These days are spent exploring the coast, moving generally in a clockwise direction. There will be ample time for shore excursions, where we can simply sit on the beach and take it all in or enjoy energetic hiking, wildlife spotting or stunning Zodiac cruises. Since our itinerary is difficult to predict due to ever-changing ice conditions, we’ve provided some samples of possible excursions we may undertake from Day 3 through to Day 11. We may not have time to visit all these spots, but no matter where we end up, it is guaranteed that our explorations will involve many memorable moments. We may also visit other locations should their beauty or interest warrant it.
You will also enjoy presentations from Tim Jarvis ensuring you take home the best possible pictures of this unforgettable Arctic journey.
POSSIBLE LANDINGS AND
This cliff is a seabird centre,
where brünnich’s guillemots (thick-billed murres) raise their young. An
estimated 100,000 breeding pairs raise their young here in the basalt cliffs.
The birds do not build nests, rather they lay an egg on the bare ledge.
This is a well-known walrus
haul out. The pink colour to a walrus’ hide as it lies in the sun is caused by
blood pumped to the skin’s surface to aid cooling, similar to that of a hippopotamus
In 1906, His Serene Highness
Prince Albert I of Monaco visited Lilliehöök Glacier to conduct scientific
investigations. His great-great-grandson visited the glacier 100 years later.
He, too, was part of a scientific investigation, this time to further our
understanding of the Arctic clam, a species that lives for more than a century.
The growth rings of a single clam’s shell contain evidence of the chemicals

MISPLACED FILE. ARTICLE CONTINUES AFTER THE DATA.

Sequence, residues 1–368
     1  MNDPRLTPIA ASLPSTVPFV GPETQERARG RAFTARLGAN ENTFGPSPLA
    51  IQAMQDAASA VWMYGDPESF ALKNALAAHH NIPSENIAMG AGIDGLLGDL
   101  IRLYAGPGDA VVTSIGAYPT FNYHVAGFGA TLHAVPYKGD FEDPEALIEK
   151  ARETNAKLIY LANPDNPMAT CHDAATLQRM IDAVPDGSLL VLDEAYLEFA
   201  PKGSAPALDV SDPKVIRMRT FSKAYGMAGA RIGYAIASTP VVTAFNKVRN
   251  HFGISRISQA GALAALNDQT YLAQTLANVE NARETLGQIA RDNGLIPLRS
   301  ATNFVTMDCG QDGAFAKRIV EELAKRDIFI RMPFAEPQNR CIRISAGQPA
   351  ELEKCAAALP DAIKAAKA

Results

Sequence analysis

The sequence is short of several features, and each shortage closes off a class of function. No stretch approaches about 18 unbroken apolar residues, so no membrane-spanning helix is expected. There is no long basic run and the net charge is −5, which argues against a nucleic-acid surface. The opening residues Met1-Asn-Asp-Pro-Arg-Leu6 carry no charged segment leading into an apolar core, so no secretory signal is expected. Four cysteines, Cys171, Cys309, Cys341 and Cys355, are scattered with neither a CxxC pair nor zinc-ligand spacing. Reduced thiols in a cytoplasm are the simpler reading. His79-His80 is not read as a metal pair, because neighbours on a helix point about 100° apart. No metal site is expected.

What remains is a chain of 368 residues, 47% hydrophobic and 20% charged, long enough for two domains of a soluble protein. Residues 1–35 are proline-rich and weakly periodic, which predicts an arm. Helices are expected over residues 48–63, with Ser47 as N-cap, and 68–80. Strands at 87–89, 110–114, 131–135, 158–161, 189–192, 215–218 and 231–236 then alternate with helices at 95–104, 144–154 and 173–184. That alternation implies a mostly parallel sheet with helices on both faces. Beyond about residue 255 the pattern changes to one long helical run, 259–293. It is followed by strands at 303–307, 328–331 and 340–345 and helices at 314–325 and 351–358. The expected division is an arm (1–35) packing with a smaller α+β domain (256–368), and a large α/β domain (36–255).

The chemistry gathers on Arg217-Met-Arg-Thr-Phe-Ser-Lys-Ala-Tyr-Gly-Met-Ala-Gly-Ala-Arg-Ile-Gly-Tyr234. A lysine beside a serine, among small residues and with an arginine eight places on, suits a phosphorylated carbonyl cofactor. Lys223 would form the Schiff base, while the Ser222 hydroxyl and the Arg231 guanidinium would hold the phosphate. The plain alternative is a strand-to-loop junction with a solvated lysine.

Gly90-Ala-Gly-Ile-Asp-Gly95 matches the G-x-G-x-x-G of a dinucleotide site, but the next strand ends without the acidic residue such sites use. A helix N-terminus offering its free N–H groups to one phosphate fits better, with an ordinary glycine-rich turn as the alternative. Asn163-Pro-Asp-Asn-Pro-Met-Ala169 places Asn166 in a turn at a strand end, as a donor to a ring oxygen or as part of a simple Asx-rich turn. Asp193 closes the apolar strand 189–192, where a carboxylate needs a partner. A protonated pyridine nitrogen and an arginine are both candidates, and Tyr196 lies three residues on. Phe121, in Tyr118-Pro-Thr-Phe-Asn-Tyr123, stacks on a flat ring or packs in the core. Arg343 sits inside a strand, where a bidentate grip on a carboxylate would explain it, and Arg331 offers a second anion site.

encountered by the clam. Scientists can determine the variations of the water’s
temperature and pollutant content by studying the shell.
Eighteen hundred people inhabit
the administrative capital of Svalbard, which is situated on the shore of Isfjorden.
The settlement was founded in 1905 by John Munroe Longyear, the majority owner
of the Arctic Coal Company of Boston.
Prince Albert I of Monaco, a pioneer of oceanography, led an expedition to
Svalbard in 1906. His team used sophisticated photographic techniques to
understand the shape and position of several glacier fronts. Monaco Glacier honours
the expedition, the prince and the principality over which he reigned.
This is the second-largest
island in the entire Svalbard Archipelago. The largest glacier in Europe is
located on the island, which is a known habitat for reindeer and walrus.
On the western coast, this bay
stretches south and east from the Wahlenberg Fjord. This is a typical Polar
desert scene where the ‘ice bear’ can sometimes be seen roaming in search of food.
& MARTENSØYA, SEVEN ISLANDS
This small archipelago is the
northernmost land in Svalbard. Englishmen left their mark during a survey of
the islands in the 1780s. The party named the islands after themselves, with
the smallest and least significant island being named Nelsonøya, after the
IMPORTANT REMINDER Embracing the unexpected is part of the legacy – and
excitement – of expedition travel. When travelling in extremely remote regions,
your expedition staff must allow the sea, the ice and the weather to guide
route and itinerary details. The above is a tentative outline of what you’ll
experience on this voyage; please be aware that no specific itinerary can be